DICKNS-L Archives

Charles Dickens Forum


Options: Use Forum View

Use Monospaced Font
Show Text Part by Default
Show All Mail Headers

Message: [<< First] [< Prev] [Next >] [Last >>]
Topic: [<< First] [< Prev] [Next >] [Last >>]
Author: [<< First] [< Prev] [Next >] [Last >>]

Print Reply
Patrick McCarthy <[log in to unmask]>
Reply To:
Charles Dickens Forum <[log in to unmask]>
Thu, 8 Jul 1993 11:35:26 -0700
text/plain (16 lines)
From: Nancy Metz <[log in to unmask]>

Thanks to those who wrote on the definition of "London particular."  My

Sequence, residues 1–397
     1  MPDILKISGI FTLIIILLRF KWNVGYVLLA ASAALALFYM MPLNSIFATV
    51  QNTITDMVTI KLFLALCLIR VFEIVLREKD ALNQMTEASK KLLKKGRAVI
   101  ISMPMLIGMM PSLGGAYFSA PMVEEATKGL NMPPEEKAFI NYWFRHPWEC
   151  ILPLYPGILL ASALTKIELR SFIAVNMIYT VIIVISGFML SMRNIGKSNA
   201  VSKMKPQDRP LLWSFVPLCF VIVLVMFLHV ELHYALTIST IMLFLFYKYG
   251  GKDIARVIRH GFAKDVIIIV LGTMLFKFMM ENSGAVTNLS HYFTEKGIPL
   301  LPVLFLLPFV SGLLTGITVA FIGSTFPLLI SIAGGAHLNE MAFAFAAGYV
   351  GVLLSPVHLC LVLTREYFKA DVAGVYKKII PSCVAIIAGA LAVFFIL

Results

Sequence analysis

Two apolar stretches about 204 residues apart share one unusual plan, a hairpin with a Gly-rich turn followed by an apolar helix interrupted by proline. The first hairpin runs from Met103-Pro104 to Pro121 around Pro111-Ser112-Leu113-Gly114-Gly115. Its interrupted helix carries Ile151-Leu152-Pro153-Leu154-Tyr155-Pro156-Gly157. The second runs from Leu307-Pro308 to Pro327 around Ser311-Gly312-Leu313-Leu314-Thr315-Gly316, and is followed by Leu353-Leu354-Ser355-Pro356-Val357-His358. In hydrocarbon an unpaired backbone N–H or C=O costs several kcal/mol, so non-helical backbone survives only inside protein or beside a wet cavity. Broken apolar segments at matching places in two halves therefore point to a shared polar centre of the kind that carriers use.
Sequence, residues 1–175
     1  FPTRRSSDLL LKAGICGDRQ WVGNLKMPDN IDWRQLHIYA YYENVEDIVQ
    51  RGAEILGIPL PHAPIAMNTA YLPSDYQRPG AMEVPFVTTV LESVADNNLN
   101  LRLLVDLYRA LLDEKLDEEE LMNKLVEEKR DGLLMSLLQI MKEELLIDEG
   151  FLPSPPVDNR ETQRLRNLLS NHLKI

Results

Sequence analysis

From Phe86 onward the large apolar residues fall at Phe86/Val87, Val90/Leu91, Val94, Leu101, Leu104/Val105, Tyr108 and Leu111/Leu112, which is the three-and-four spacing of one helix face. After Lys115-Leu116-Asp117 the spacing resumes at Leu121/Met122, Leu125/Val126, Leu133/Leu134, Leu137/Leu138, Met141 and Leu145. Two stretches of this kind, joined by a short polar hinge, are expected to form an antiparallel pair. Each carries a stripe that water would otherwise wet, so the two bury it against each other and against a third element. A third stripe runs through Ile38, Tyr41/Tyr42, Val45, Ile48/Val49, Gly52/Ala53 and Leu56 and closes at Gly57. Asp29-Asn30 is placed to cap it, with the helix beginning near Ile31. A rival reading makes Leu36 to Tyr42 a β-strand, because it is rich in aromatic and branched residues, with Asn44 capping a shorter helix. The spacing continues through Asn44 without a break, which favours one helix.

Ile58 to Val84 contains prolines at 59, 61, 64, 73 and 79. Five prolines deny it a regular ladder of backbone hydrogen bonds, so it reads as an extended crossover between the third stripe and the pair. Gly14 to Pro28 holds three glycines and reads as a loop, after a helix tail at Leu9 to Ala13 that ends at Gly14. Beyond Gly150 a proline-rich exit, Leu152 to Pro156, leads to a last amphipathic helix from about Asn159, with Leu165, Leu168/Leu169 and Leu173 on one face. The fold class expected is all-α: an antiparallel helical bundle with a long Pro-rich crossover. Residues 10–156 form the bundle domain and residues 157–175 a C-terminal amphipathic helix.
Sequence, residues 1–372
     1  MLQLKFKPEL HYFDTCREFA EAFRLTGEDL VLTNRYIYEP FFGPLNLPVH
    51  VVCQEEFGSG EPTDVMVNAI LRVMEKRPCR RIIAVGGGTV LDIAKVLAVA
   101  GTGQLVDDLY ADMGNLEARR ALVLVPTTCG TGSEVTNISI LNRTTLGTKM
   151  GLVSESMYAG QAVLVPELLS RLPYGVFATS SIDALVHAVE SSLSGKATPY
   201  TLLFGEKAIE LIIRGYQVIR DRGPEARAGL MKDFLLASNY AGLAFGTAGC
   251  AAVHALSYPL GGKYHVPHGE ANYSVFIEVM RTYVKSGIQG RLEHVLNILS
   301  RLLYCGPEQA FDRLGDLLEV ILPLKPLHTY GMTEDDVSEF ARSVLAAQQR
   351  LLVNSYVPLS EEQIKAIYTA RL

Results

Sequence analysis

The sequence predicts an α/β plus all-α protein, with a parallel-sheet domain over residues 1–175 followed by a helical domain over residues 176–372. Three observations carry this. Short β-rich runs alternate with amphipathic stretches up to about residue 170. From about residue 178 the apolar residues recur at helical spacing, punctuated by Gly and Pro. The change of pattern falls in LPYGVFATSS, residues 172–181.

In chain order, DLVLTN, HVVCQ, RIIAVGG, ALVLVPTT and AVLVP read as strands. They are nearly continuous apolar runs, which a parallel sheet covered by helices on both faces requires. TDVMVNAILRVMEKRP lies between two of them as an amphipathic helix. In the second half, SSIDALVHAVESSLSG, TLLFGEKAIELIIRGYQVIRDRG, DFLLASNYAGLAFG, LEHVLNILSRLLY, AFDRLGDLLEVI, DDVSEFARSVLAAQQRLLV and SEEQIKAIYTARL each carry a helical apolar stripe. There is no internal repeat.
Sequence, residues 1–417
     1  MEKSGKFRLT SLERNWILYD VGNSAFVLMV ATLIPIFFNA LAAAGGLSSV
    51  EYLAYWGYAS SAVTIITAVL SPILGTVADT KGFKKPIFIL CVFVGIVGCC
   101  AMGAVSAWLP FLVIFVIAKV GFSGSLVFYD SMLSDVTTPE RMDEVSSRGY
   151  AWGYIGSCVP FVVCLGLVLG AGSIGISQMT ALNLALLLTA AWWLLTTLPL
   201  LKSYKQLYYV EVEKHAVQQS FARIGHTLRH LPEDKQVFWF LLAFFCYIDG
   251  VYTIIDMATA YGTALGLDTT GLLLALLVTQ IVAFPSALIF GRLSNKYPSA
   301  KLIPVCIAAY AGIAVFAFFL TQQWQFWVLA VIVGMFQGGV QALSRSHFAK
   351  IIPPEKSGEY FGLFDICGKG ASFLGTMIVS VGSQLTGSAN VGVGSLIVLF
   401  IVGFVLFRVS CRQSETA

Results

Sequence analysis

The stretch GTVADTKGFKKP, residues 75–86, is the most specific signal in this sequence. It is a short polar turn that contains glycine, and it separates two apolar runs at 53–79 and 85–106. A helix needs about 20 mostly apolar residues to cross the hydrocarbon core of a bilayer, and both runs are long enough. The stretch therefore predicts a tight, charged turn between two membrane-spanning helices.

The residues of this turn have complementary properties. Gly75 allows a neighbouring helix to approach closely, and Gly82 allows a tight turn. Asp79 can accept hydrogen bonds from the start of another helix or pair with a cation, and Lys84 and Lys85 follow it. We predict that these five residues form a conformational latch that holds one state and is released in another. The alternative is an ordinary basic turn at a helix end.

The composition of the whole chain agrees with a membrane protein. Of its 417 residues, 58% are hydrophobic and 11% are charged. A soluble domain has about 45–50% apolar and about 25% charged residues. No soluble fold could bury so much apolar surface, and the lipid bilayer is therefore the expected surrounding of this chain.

source was not Bleak House alone, but the OED as well, which defines the
term as "a humorous name for London fog," citing in addition to the Dickens
quote the following snippet from The Scotsman:  "'The London particular,'
the fog, which, four or five years ago, assumed the consistency of pea
soup."  No doubt the slang term came into being because fog was so
"particular" to London (so defining a characteristic of the atmosphere)
with all the  unregulated bituminous coal fires.

But I'm still confused about the joke in chapter 8 of Chuzzlewit.  Why
would someone want to chalk the phrase on Jinkins's gaiters.  Does this
refer to the other slang meaning given in the OED--a special quality of
Madeira wine imported for London consumption?  Any other ideas out there?